Articles - Investing for the low carbon revolution


The last couple of weeks have seen me return to the office for a few days a week. Seeing colleagues face to face, even just sitting in the office, was welcome change from working from home. The measures that Aviva have implemented to ensure the office is Covid secure are reassuring to everyone who’s elected to come back to the office, and after couple of weeks a new routine was starting to emerge. And then the rules changed.

 By Dale Critchley, Policy Manager, Aviva
 
 I have no burning need to go into the office, so under the new rules, I’m writing this from home.

 Working from home has been one of the biggest changes brought about by the Coronavirus crisis, one which has seen station platforms that would normally be teeming with activity, empty. Offices are eerily devoid of workers, and outlets in city centres closed for lack of footfall.

 A direct impact on pension scheme investments has come with the suspension of many property funds. As future demand for commercial property became less certain so the buildings that make up property funds, and the funds themselves, proved difficult to value accurately, triggering a suspension designed to protect savers. In the short term a potential extension of working from home will do little to bring certainty to this asset class or boost the value of companies reliant on commuters. In the medium term the FCA is consulting on whether those holding assets in some property funds will need to give 90 to 180 days’ notice of withdrawals. To allow fund managers to manage liquidity better.

 While the speed at which the UK’s white collar workforce adopted working from home couldn’t be predicted, perhaps the eventual position could. The enabler, as we have seen, has been the growth in technology which allows teams to work remotely, and the availability of fast domestic broadband. But in the absence of a pandemic, targets to control climate change may well have proved to be an agent of change.

 The impact that schemes have on climate change is something that the Pensions Minister sees as a top priority. A clause within the Pension Schemes Bill requires schemes to take into account the risks and opportunities that will be presented as the world economy transitions from one based on carbon to one aligned with the Paris Agreement. The DWP are also consulting on a requirement that schemes report on the impact their investments have on the climate, in line with the Taskforce on Climate-related Financial Disclosures (TCFD) proposals.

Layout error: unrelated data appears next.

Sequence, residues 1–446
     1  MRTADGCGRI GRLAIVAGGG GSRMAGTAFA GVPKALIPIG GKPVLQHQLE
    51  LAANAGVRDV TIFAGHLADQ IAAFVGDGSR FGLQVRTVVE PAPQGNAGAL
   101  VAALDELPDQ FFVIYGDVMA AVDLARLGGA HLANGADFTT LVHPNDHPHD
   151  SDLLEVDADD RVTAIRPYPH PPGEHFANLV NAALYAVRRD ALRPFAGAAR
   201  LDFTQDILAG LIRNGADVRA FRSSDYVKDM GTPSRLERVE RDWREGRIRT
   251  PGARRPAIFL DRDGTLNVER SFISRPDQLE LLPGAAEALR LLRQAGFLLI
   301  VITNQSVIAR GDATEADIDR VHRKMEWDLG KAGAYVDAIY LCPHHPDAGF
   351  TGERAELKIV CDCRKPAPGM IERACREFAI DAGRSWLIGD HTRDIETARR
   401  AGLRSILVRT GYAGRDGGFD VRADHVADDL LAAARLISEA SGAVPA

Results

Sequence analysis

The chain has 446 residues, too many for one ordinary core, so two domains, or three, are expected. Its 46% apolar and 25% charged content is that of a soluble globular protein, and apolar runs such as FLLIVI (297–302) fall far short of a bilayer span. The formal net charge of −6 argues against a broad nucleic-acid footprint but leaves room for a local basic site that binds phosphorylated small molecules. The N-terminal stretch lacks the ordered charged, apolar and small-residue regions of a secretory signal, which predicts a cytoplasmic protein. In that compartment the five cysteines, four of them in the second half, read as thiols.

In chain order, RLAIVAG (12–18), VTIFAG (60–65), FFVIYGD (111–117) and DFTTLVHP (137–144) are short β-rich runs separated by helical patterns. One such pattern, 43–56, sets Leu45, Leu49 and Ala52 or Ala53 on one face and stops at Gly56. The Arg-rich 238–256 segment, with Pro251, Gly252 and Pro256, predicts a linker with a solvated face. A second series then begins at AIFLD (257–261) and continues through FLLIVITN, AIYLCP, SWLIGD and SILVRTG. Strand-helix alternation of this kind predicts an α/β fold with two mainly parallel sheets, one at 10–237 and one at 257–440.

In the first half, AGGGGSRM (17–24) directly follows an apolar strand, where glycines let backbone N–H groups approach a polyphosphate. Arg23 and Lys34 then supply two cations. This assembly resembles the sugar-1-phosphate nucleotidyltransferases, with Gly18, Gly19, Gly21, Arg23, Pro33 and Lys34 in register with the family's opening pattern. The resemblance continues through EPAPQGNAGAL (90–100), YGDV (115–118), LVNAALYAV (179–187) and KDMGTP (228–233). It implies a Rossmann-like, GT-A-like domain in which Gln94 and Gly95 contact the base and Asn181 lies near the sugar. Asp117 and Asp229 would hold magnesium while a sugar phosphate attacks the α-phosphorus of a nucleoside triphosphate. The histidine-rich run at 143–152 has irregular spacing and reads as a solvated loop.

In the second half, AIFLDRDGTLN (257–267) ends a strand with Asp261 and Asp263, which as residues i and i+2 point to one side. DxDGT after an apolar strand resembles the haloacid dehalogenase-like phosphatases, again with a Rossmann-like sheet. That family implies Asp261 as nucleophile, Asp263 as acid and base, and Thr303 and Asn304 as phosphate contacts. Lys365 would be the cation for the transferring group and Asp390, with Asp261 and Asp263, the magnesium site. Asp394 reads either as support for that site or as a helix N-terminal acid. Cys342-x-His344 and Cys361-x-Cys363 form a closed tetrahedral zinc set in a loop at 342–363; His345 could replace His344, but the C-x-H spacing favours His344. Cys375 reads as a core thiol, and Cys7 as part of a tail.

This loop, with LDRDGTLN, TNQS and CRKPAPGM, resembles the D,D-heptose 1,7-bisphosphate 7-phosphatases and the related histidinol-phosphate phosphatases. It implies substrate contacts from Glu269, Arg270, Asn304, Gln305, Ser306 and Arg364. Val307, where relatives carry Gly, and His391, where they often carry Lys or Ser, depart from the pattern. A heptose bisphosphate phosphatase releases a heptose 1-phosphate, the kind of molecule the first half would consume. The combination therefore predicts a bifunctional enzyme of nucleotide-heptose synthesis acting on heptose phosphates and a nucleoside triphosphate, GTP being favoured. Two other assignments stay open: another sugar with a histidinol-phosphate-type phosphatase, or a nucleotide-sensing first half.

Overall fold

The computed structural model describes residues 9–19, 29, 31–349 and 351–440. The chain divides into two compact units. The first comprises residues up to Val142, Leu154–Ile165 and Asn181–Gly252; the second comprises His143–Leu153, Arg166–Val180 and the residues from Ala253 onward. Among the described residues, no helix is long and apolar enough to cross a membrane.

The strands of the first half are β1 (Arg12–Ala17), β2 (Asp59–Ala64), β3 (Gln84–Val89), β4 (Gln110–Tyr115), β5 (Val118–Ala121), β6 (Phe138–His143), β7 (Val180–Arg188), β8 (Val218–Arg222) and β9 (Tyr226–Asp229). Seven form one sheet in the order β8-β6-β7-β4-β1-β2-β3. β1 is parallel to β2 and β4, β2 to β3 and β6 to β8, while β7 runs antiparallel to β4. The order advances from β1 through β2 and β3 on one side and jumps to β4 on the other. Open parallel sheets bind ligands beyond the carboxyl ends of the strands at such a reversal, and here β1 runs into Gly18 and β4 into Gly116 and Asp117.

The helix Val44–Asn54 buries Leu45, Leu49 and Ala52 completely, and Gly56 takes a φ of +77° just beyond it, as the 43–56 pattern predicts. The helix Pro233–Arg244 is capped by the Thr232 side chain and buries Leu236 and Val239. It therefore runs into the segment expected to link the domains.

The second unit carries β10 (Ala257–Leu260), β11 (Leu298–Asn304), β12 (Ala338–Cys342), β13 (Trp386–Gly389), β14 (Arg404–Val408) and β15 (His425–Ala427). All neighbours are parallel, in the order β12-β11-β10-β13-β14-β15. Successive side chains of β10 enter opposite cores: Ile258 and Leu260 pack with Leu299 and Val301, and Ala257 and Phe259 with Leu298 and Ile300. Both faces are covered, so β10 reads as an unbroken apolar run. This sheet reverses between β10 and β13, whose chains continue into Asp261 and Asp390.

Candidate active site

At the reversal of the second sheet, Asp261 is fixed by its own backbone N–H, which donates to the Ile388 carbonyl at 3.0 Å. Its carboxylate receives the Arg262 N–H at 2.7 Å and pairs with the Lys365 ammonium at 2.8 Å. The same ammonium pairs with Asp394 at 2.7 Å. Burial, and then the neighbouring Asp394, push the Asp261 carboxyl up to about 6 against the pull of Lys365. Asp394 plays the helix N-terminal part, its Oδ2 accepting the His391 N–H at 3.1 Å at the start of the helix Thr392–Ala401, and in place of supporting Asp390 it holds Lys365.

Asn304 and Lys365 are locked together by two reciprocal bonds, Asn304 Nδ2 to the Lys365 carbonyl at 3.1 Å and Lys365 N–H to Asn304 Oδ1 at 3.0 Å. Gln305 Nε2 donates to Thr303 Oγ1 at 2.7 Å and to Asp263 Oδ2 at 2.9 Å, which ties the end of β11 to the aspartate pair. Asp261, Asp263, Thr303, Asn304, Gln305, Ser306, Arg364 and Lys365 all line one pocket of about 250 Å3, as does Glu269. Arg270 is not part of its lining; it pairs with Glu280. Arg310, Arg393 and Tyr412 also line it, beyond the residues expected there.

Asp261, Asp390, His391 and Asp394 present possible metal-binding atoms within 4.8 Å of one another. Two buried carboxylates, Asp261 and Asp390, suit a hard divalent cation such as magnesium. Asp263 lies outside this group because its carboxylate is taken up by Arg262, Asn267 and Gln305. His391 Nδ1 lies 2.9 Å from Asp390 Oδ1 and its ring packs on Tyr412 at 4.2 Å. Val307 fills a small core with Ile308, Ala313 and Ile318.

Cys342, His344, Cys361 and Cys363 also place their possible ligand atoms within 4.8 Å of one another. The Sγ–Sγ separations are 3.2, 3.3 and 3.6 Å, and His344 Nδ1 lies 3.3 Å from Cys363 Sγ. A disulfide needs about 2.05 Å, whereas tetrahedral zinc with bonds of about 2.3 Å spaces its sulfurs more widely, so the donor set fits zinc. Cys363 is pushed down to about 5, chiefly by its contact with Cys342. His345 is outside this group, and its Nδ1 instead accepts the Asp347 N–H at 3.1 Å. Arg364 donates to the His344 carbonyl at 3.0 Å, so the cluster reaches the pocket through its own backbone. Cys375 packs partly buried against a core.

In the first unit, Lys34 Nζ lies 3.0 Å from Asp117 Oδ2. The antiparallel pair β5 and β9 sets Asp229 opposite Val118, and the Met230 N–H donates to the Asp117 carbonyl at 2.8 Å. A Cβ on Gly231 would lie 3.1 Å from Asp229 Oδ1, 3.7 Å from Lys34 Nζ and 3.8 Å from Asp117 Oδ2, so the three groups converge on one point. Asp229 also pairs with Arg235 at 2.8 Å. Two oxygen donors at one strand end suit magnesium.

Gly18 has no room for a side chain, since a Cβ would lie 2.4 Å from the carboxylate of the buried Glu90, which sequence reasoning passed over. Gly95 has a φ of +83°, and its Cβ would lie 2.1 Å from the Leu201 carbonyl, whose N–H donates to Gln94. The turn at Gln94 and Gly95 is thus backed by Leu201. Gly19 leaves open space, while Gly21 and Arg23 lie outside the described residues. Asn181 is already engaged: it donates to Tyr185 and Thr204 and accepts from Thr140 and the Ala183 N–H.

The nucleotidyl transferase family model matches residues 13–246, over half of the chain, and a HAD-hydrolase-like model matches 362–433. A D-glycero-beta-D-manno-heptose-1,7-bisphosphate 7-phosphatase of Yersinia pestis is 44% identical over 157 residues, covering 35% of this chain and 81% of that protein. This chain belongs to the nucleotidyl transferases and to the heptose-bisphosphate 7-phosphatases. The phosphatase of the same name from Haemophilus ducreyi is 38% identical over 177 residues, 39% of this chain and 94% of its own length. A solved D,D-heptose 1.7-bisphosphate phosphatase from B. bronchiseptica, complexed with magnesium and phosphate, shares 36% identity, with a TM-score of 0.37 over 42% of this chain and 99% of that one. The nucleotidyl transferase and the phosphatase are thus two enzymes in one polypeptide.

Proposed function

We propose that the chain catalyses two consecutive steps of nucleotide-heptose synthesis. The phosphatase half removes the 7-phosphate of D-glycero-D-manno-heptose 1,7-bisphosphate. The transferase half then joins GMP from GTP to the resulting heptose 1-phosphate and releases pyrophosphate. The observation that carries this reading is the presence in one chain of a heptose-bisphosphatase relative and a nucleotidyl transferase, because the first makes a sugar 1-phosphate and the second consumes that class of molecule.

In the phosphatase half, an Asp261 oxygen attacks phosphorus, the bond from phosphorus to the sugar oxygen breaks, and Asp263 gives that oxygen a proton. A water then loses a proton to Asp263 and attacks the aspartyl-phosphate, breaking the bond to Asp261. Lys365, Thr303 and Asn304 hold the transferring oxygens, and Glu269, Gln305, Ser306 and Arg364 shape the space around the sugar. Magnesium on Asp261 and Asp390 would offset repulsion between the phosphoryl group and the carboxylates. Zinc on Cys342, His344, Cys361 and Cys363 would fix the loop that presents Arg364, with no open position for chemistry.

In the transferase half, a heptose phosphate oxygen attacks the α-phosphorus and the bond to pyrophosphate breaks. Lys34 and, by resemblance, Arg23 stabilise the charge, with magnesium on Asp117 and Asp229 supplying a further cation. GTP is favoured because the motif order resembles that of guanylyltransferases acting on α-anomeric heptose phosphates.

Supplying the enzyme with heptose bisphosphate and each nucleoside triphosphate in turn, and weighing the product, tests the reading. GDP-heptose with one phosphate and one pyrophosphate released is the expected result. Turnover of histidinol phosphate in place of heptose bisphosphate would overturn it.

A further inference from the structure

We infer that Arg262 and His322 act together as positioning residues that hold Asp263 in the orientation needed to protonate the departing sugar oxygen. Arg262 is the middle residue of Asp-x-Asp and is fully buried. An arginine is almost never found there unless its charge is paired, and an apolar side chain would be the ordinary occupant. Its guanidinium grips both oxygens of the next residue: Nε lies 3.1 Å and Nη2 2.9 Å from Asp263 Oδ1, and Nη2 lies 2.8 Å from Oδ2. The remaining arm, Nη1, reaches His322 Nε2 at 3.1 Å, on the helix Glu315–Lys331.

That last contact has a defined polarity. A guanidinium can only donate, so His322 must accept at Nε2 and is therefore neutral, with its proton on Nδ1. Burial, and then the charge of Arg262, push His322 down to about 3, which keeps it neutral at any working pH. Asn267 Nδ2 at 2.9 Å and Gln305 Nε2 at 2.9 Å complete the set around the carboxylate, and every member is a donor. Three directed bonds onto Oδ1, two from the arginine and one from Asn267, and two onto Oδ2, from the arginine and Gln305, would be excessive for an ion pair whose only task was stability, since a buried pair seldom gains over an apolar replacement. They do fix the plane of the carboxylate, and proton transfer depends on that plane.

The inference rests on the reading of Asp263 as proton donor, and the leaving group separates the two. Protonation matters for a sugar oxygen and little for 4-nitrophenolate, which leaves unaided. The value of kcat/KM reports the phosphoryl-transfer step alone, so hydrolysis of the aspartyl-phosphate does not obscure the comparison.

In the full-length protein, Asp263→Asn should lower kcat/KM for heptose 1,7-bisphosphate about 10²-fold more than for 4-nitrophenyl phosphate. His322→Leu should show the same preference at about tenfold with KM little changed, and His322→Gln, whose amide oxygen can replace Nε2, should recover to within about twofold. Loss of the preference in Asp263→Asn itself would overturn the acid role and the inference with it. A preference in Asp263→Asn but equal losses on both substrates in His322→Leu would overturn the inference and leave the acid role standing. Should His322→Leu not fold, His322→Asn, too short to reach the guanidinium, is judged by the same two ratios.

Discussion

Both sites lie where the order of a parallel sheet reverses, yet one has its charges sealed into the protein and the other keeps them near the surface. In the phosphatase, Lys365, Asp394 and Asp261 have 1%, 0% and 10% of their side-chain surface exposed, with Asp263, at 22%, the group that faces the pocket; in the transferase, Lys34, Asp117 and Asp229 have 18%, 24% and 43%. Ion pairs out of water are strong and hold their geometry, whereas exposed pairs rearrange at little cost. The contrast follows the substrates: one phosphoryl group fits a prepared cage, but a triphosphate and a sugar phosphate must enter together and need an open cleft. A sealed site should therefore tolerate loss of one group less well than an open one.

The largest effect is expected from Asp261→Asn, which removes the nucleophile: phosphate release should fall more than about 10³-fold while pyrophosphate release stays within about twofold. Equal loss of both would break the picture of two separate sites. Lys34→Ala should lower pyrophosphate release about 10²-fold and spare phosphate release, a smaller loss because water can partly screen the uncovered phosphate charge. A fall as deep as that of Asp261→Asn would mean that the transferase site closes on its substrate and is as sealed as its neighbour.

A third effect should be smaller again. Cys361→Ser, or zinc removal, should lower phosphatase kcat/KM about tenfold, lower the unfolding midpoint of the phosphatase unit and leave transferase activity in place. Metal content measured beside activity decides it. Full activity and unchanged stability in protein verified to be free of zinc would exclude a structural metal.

The scale of the task of transitioning to net zero is enormous and will require wholesale changes to the world economy. To put things in perspective, global lockdown saw this year’s energy-based emissions fall by between 4% and 7%. To achieve net zero there needs to be a 90% reduction from current levels.

 Governments are getting on board - European Commission President Ursula von der Leyen confirmed last week that the EU would back a proposed 55% reduction in emissions, compared to 1990 levels, by 2030, on the way to net zero by 2050. 30% of EU’s Covid 19 recovery budget is earmarked for climate measures. Joe Biden has promised to spend $2trn over four years on low carbon infrastucture and energy, should he win the US election.

 All of this will create opportunities, but there are also threats. Lockdown saw ExxonMobil fall out of the Dow Jones Industrial Average for the first time since 1928. The changes required to economies to achieve net zero will be seismic in comparison to lockdown. Companies will need to re-invent themselves for a new world economy if they want to succeed, and trustees need to be looking at how they align their scheme’s investments strategy to take advantage of a low-carbon revolution. Not to just meet a legislative imperative, but to protect the futures of their members.
  

 
  

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